When Maersk Line, operator of the world’s largest container ship fleet, signed a $1.8bn order with Daewoo Shipbuilding on Tuesday, it highlighted a vital trend for South Korea, the world’s biggest shipbuilding country. Demand for new oil tankers and vast container ships is offering some relief from the industry’s worst slump in decades.
Orders for large crude carriers and container ships — the speciality of South Korean shipbuilders — have been relatively strong in a broadly sluggish period. Chinese shipyards, by contrast, are struggling with slowing demand for dry bulk carriers, their flagship products.
As a result, South Korean shipyards have recaptured the industry’s top spot in terms of new orders received, with a market share of 41 per cent, compared with Japan’s 28.9 per cent and China’s 24 per cent, according to Clarksons, the brokerage.
However, the industry — which is highly cyclical — remains in a protracted downturn.
Global vessel orders fell almost two-thirds year-on-year in the first quarter of 2015 to 5.6m compensated gross tonnes, a measure of the work required to build each vessel. Much of the slump reflects a big fall-off in orders for drill ships and offshore oil production facilities that had sustained the yards through the world economic downturn.
Behind the uptick in orders lie low oil prices and improving global trade prospects. Owners of crude oil tankers have been encouraged to buy new vessels by a recovery in charter rates stemming both from new demand to move oil following the price collapse, and by the tightening supply of vessels following a near halt to orders in recent years.
Container ship owners such as Maersk are scrambling to order new vessels far bigger than their predecessors — Maersk’s new vessels will be 400m long — to capture efficiencies of scale.
Owners of tankers for oil products, meanwhile, are ordering more ships as oil refineries increasingly move to Saudi Arabia, India and other places close to oil-producing areas and far from consuming countries.
Recent ordering activity has been buoyed by an influx of private equity money into the industry.
“Lower prices are spurring oil demand, leading to higher tanker rates,” says Jeon Dae-chun, analyst at Daishin Securities.
Although total global orders for new vessels have halved in the first three and a half months of the year, orders for oil tankers and container ships rose 47 per cent and 3 per cent respectively, according to Clarksons. Korean shipbuilders took more than 60 per cent of new orders for oil tankers thanks to competitive pricing of their fuel-efficient technology.
However, yards continue to suffer from the effects of a significant global overexpansion of shipbuilding capacity during the shipping industry’s long boom between 2002 and 2008.
“Increasing orders for oil tankers are like rain in the midst of drought for Korean shipbuilders, but they are not enough to fill their order books,” Mr Jeon says.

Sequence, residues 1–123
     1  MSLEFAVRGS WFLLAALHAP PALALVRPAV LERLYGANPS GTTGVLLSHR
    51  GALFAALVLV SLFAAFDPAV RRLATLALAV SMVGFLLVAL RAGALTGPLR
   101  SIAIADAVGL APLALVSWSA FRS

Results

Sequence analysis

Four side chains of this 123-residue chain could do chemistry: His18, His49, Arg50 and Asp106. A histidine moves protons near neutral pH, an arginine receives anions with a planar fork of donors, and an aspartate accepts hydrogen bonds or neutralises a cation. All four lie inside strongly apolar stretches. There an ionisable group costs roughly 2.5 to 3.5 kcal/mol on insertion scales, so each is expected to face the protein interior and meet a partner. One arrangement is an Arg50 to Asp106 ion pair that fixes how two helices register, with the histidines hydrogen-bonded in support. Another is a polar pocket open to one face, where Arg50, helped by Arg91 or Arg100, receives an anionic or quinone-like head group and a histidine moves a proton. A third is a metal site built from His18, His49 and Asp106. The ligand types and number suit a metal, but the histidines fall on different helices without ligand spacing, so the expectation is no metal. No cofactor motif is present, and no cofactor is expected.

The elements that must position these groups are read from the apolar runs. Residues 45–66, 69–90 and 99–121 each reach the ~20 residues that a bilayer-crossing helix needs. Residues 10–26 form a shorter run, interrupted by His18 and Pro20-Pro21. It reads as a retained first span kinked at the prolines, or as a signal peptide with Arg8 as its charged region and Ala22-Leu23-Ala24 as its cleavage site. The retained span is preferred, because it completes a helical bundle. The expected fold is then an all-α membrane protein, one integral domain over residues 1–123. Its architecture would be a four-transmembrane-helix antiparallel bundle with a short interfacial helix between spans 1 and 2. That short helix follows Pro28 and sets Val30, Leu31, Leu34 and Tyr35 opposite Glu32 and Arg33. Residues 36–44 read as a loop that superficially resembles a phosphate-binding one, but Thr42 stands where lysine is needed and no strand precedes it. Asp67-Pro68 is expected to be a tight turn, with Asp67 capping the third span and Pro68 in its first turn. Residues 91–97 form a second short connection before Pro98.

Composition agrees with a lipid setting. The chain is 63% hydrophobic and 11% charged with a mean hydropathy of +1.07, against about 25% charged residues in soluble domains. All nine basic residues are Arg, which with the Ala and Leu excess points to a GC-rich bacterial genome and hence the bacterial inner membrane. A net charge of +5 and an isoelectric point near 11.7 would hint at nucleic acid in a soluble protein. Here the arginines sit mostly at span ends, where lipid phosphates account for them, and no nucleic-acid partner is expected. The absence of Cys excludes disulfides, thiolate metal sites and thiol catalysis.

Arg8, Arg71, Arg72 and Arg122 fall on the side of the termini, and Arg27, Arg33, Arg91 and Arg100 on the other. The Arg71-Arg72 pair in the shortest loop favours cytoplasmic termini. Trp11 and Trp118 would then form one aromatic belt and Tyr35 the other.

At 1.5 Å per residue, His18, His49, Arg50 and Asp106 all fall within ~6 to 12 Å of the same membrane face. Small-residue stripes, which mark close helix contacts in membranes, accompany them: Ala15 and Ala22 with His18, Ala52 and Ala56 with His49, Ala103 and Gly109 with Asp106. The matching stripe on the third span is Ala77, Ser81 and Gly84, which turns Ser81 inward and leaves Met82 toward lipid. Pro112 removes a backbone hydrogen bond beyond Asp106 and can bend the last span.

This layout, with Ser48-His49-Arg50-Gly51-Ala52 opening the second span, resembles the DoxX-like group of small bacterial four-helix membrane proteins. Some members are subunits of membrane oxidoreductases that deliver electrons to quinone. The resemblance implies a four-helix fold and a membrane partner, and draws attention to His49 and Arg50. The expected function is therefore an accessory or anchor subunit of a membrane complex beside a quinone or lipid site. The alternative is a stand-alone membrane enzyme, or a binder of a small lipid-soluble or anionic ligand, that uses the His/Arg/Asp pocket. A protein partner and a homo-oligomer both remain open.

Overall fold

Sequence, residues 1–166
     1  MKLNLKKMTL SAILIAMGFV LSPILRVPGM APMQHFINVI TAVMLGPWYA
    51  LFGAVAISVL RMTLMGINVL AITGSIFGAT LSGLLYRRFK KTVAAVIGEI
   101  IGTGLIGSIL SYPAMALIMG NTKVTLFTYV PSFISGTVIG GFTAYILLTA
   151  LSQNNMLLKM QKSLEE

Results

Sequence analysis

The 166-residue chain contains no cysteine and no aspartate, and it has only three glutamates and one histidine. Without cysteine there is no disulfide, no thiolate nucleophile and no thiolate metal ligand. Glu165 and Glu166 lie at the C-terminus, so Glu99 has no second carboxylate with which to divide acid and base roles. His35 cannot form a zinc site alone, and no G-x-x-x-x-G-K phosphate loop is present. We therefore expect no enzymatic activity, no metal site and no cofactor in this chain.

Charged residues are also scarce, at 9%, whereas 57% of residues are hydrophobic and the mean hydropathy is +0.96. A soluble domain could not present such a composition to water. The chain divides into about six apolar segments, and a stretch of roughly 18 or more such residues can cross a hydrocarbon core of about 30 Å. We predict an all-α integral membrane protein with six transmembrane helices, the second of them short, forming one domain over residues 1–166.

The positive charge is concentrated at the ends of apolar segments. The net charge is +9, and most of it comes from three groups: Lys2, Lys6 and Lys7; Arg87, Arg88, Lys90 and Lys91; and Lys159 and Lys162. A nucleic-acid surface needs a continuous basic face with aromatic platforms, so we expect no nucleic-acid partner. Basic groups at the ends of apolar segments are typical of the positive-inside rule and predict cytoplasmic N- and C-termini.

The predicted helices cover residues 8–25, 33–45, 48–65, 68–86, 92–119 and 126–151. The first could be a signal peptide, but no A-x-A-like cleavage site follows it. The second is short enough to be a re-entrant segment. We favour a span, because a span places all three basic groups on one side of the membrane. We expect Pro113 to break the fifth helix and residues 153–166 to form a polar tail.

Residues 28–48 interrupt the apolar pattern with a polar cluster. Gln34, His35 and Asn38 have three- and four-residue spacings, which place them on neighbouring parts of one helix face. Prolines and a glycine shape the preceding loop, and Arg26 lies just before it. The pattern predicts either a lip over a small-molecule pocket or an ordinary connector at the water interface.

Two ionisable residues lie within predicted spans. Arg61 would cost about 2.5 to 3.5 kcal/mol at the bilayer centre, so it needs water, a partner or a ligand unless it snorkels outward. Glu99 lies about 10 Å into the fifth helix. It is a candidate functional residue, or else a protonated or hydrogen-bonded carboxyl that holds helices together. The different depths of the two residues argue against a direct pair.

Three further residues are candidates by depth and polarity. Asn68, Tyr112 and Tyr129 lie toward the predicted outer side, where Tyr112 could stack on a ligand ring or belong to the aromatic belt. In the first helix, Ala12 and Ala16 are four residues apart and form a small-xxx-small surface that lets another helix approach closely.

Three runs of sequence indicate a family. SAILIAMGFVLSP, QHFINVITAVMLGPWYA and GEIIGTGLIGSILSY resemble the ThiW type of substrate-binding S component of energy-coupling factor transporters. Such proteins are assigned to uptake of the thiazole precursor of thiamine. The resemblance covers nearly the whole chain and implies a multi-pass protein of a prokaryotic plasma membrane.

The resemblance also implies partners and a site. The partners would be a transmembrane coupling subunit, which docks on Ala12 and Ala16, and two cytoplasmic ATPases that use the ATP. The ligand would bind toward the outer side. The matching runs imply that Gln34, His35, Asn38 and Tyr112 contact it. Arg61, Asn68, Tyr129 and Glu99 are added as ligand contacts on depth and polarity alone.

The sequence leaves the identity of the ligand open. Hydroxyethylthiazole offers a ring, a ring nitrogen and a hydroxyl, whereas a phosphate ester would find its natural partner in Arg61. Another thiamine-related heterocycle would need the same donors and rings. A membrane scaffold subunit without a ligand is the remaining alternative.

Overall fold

The persisting downward pressure on yard’s prices helped widen Hyundai’s operating loss to Won192.4bn ($174m) in the first three months of this year, while Samsung’s operating profit slid more than 70 per cent to Won26.3bn from the previous quarter. Daewoo suffered a Won172bn net loss in the first quarter — its first in eight years.
Hyundai received orders for eight new vessels worth $636m in the first quarter of 2015 — six tankers and two liquefied petroleum gas carriers — and board members from Saudi Aramco, the oil group, recently visited Hyundai’s headquarters reportedly to discuss buying up to 10 tankers worth as much as $1bn.
A gradual pick-up in demand for large container ships is also encouraging for South Korean shipbuilders, as Chinese rivals lack the technology and design know-how for large container ships. Ultra-large container ships are increasingly in demand due to their fuel efficiency and economies of scale amid low shipping rates.
In April, Samsung said it had won orders from a Hong Kong shipping company for six 21,100 20-foot equivalent (TEU) containerships, which will be among the world’s largest ships. That followed orders in March for four 20,100 TEU containerships from Japan’s Mitsui O.S.K. Lines.
However, analysts caution that the recent deals are unlikely to significantly boost South Korean shipbuilders’ profit margins, as vessel prices remain low amid stiff competition. For example, Samsung’s latest order fetched $158m for a 21,100 TEU containership — less than the $185m received by Daewoo Shipbuilding in 2011 for a smaller vessel.
“They seem to be offering
discounts to grab a bigger share of the slowing market,” says Angela Hong, analyst at Nomura. “The recent orders would not be so profitable but they could still add to their order backlogs so that they can have better pricing power in the future.”
Overall, the outlook for the $85bn South Korean shipbuilding industry remains murky as low oil prices damp demand for more profitable specialised ships used by the offshore oil and gas sector.
“It is hard to expect a real turnround as long as oil prices remain low,” says Kim Hong-kyun, analyst at Dongbu Securities. “They can’t make huge profits with just commercial ships. But things could be better next year if oil prices recover, boosting demand for drill ships and offshore production facilities as well.”
The Original Posted by Song Jung-a in Seoul Robert Wright in New York